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Custom Headwork by Dave Mackie Engineering

For decades Dave Mackie Engineering (DME) headwork has been ranked with the best available anywhere.  The Keith Ruxton engines in the Easyrider Harley Streamliner were running DME ported heads when it became the Worlds Fastest Motorcycle at over 322 miles per hourBob Taft of Rat’s Whole Place was running DME ported heads when his drag bike became the World's First 8-Second Evolution Powered Drag Bike.  The list goes on to include Scores of National Records, many National Championships and Sturgis and Daytona Dyno Shootout Winners.

DME headwork has several features that make it unique in the industry.  After glass beading and cleaning ports and combustion chambers we take measurements to determine the effects of foundry core shift.  We then select the best program and CNC shape each port.  The use of CNC equipment assures that we get we our best shape every time.  When the CNC work is complete we apply the polishes and atomization finishes.

A few words about polishing.  There are several conceptions about polishing ranging from “it’s magic” to “it doesn’t do a thing.”  The truth lies somewhere in between.  Polishing actually melts and seals the skin of the surface being polished thus forming a bit of a barrier to help retain heat in that area.  At DME we polish the combustion chambers and the exhaust ports.  It is desirable to keep heat in the combustion chamber because heat is power which is what we are after.  We also want to keep heat in the exhaust ports because the hotter the exhaust gases are the greater the velocity they will have.  Increased velocity will get the gases out faster.  These benefits exist even after these areas carbon up because the underlying surfaces are still sealed.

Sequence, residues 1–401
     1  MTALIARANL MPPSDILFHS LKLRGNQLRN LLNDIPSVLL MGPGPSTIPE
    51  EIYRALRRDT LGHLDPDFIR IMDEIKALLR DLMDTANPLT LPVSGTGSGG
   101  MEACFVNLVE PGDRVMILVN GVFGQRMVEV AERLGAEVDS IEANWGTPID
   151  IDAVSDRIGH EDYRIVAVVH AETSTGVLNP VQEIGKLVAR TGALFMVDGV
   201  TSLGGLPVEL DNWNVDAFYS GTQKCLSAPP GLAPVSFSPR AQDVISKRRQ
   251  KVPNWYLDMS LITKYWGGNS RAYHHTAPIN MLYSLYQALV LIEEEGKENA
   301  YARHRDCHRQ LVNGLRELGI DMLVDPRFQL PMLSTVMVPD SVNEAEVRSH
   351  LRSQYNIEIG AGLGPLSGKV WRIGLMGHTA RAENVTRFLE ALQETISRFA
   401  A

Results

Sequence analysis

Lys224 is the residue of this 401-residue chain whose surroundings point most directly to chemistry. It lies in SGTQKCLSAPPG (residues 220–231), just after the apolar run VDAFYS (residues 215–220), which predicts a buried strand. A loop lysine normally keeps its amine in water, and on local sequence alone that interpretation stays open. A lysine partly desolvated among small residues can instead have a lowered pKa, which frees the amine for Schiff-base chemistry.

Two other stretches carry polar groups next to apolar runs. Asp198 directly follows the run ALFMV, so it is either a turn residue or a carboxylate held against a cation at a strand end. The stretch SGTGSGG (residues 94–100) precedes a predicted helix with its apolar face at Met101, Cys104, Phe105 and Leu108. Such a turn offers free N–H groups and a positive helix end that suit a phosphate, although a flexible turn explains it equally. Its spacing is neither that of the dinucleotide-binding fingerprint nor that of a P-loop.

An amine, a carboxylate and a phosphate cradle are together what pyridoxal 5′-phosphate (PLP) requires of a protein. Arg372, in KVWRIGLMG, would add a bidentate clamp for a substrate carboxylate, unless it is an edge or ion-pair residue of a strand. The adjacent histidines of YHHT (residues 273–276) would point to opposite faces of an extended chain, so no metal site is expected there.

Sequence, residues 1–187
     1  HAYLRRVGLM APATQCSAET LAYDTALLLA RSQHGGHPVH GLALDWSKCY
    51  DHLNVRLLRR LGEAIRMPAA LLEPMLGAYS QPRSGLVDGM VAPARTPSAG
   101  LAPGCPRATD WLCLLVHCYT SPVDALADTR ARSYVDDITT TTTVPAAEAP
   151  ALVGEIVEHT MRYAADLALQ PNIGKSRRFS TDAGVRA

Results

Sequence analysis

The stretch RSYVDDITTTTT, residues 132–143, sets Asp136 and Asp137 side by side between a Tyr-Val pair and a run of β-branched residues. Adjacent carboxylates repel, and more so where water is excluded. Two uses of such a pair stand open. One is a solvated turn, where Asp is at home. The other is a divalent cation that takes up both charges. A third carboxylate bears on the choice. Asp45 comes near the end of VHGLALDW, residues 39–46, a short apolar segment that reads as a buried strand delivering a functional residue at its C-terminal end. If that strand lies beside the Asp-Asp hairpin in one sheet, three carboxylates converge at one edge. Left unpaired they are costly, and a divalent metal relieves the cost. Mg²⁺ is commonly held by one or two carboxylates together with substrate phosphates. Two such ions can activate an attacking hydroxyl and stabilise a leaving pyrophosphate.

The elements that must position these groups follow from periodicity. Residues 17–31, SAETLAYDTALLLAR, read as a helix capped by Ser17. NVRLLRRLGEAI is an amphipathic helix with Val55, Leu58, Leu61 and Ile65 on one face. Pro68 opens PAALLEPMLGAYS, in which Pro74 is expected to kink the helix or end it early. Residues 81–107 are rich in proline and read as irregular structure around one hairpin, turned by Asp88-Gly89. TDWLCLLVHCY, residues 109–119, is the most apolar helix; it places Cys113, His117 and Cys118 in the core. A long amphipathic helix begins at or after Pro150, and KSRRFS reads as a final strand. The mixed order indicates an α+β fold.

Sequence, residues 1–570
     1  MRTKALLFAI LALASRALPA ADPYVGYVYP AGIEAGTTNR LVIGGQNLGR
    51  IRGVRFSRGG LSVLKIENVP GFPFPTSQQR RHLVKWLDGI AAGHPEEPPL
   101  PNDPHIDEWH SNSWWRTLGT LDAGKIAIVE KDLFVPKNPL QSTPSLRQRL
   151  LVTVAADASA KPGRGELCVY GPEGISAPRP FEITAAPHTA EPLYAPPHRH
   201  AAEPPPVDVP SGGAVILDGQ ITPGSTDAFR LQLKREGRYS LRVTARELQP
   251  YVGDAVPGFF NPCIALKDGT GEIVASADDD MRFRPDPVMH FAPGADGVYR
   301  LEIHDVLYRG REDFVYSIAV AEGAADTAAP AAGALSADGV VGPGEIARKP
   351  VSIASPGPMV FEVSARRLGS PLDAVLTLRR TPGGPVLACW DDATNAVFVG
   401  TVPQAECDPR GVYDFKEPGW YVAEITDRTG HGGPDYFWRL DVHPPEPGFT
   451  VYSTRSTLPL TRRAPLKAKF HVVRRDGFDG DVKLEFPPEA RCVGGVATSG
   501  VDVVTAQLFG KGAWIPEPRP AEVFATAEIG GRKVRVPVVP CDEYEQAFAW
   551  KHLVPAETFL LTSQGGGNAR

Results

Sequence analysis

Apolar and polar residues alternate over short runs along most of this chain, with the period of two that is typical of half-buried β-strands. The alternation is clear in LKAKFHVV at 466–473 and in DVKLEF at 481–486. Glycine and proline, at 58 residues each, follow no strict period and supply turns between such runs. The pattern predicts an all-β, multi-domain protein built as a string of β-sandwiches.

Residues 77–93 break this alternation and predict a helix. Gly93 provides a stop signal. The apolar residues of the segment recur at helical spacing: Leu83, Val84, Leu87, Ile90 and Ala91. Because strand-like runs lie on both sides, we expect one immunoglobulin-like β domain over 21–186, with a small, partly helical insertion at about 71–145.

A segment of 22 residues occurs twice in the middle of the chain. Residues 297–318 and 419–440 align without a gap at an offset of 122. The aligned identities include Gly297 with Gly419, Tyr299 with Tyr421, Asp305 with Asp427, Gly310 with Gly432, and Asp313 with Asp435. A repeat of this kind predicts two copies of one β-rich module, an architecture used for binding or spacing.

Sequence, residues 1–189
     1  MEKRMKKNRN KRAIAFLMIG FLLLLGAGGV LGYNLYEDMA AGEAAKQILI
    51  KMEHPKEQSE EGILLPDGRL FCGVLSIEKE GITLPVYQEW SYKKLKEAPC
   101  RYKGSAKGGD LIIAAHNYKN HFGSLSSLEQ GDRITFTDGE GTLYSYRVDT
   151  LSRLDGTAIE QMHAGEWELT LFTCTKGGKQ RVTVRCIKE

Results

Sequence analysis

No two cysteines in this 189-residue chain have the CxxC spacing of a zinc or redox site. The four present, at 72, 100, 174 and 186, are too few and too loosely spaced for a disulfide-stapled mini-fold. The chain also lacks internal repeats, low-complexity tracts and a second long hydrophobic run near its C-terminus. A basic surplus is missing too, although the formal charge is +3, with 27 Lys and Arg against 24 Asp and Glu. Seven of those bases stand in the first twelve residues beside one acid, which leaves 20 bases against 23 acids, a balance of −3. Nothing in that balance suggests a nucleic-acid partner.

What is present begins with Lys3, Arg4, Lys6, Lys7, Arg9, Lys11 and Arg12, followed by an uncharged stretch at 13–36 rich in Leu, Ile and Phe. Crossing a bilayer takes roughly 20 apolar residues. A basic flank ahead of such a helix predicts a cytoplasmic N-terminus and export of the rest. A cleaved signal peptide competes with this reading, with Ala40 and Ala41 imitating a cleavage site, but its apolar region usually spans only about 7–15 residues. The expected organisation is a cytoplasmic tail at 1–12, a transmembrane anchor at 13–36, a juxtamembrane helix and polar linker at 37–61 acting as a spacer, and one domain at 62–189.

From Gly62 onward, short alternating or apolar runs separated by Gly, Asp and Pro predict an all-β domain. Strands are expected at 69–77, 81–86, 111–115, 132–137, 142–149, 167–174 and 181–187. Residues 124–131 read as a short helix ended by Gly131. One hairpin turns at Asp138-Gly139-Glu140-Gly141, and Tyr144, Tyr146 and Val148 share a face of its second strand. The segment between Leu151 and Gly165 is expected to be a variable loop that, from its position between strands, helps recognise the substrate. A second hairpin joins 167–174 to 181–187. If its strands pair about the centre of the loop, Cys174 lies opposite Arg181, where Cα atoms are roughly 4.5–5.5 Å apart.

Areas that should not, in our opinion, be polished are the intake ports and manifold.  Polishing has little or no effect on flow characteristics but it can have a detrimental effect on atomization.  The reason for this is that the fuel in the intake charge is heavier than the air.  When the charge bends its way through the manifold and port the fuel tends to centrifuge out of the air stream and onto the port wall.  When the wall has a high polish the fuel tends to cling to the wall and slides on into the combustion chamber as raw fuel.  Raw fuel does not burn as well or as completely as when atomized and this can result in less power, less economy, and a “dirtier” motor.  For these reasons DME creates very coarse textured, high atomization intake ports and manifolds.  This coarse finish inhibits the sliding of the fuel and kicks it back into the air stream where it is then re-atomized.  This can result in more power, better economy and a cleaner running engine.
When the ports are finished we do our competition valve job and blend and contour the seat areas with the ports and combustion chambers.  DME competition valve jobs are done on state of the art Sunnen and Kwik-Way equipment to assure that we get the most concentric and accurate results possible.  Our valve jobs may have as many as six angles, can fully radiused, or have a combination of angles, radiusing, and blending by hand depending on the effect we are trying to create. 
At DME there is no such thing as “one size fits all.”  There are no heads in boxes on shelves ready to ship.  We make every effort to customize each set of heads to the individual needs of the customer.  Although we, and most of our customers prefer that we work on their own heads, we do have an exchange program available.  Even so, we want to discuss the needs of the customer before we finalize the job.  We can usually ship very shortly after the discussion.

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Some parts and services may not be legal on 1978 and later emission-controlled vehicles. Check your local, state and federal laws.*
*Dave Mackie Engineering high-performance headwork and camshafts are not legal in the state of California for use on 1978 and later emission-controlled vehicles.